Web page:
For years, Saudi Arabia was a close American ally, while Russia was a distant enemy.
That’s why America purchased a lot of oil from Saudi Arabia and very little from Russia. For the period 1973-2005, America’s oil imports from the Saudi kingdom remained steady, in the range of one to 1.5 million barrels per day. Over the same period, America’s oil imports from Russia fluctuated widely, rising from next to nothing in the 1970s and 1980s to a couple of hundred thousand barrels a day in the early 2000s, before falling back to less 38 thousand in 2015.
At times, America had to pay a steep price for excessive reliance on Saudi oil and the OPEC oil. Like back in 1970s when the kingdom imposed an oil embargo on the US.
That’s what makes the “marriage” between the two countries a rather strange affair, in our opinion.
Athens, Greece based International Shipping & Trading Analyst Theo Matsopoulos thinks so. He finds it hard to identify common ground between America and Saudi Arabia.
“The relationship between the USA and the Kingdom of Saudi Arabia (KSA)could easily be characterized by secrets and second thoughts,” says Matsopoulos. “What is the connection of the largest supplier of oil to the US with attacks on American soil, if there is one? What is the vision of the KSA regarding the future of the world? What values does it represent regarding human rights, social justice, freedom of thought and expressing ideas?”
At the same time, Matsopoulos finds common ground between America and a changing Russia. “Russia during past years was an ideological opponent to the USA in matters ranging from economy to social justice. Now things are different. Both seek for geopolitical power and influence,but they play with open cards.”
That’s why he thinks the time is ripe for America to shun Saudi Arabia’s old partnership for a new Russian partnership. “The timing could be right for the US to seal a golden deal with an old enemy which can be a straight and honest partner in the oil market.”
Kevin Rooney, CEO, Oil Heat Institute of Long Island, sees things differently. “While Saudi Arabia is an ally of convenience and (generally speaking) mutual interest, Russia is, as Churchill once noted, ‘a riddle, wrapped in a mystery, inside an enigma’, “ says Rooney. “In light of the recent presidential election and the future uncertainty of US energy politics, to shun the Saudis in favor of Russia would be premature at best. The oil markets are still trying to sort themselves out and determine the best way to balance world demand against the overhang of all-too-abundant supplies in order to stabilize prices. At this juncture, inaction is the wiser and more strategic choice for US energy policy planning.”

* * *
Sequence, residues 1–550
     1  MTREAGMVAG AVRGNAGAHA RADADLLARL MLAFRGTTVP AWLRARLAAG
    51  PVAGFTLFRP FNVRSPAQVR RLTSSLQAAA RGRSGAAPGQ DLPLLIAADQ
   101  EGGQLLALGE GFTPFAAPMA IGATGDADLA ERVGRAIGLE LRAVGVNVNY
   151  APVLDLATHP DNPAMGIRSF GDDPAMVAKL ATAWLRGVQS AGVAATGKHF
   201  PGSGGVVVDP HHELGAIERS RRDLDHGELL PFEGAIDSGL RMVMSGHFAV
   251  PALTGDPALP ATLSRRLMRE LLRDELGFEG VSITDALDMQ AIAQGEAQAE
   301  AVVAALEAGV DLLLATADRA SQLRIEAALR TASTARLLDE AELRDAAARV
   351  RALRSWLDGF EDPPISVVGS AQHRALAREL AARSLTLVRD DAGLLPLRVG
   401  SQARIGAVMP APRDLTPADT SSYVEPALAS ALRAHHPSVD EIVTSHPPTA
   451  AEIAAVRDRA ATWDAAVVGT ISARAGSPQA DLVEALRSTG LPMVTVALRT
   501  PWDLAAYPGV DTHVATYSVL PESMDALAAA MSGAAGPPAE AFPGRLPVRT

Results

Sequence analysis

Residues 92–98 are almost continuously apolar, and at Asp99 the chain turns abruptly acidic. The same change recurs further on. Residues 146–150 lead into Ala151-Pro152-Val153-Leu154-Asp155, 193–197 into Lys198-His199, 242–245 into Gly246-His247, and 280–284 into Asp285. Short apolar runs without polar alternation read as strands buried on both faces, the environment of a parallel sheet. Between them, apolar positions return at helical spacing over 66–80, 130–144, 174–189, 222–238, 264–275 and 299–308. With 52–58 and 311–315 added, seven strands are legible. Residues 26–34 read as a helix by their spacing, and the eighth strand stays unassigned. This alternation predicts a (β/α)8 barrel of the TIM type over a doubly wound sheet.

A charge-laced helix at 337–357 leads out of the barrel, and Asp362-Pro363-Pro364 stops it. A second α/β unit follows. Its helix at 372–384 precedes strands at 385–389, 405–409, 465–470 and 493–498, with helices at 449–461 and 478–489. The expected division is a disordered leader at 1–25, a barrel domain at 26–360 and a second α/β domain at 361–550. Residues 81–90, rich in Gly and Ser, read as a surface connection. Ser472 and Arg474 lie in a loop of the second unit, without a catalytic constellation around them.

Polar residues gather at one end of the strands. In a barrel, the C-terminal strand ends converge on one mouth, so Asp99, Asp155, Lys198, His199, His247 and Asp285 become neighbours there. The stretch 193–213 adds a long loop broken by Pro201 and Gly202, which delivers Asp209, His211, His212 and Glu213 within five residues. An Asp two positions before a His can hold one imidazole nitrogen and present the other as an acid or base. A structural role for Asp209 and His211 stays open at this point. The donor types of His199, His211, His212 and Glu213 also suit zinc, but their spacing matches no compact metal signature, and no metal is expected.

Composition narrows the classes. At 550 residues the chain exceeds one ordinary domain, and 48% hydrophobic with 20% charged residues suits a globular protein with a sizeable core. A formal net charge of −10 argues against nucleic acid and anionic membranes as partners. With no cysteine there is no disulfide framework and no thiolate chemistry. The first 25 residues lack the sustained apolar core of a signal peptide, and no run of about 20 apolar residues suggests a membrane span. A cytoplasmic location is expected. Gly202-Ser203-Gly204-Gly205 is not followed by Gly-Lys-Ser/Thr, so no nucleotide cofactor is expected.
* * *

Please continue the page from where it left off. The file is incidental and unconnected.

F. Gregory Gause III adds another perspective to US-Saudi relations. What ties America and Saudi Arabia together isn’t oil, but geopolitics, he argues.
“Critics also point to the rise in US oil production as evidence that the US-Saudi alliance has outlived its purpose,” says Gregory Gause III in «The Future of US-Saudi Relations,» published in the July/August 2016 issue of Foreign Affairs. “But the ties between the two countries have never been about American access to Saudi hydrocarbons. In fact, when the relationship began in the early decades of the Cold War, the United States did not import a drop of oil from the Arabian Peninsula. What has always undergirded the relationship is the importance of Saudi (and the rest of the region’s) oil to the global market. The Persian Gulf still produces 30 percent of the world’s oil, with Saudi Arabia accounting for over a third of that output. Disruptions in the Gulf thus continue to reverberate worldwide. ”
Simply put, America is standing by to make sure that Saudi oil flows through the Gulf to its Asia allies. That was true back in the old days, that is, when Saudi oil was flowing mostly to Japan, an American ally, ready to shoulder the bill of America’s protection when needed (e.g., during the Gulf War).
But it hasn’t been true in the last two decades, with a big chunk of Saudi oil flowing to China, a non-America ally; and an antagonist in South China Sea where China is trying to write its own navigation rules.
That’s why America should consider breaking the “marriage” with Saudi Arabia, and pit the kingdom against Russia in the oil market so there will never be another oil embargo.
Panos Mourdoukoutas is Professor and Chair of the Department of Economics at LIU Post in New York.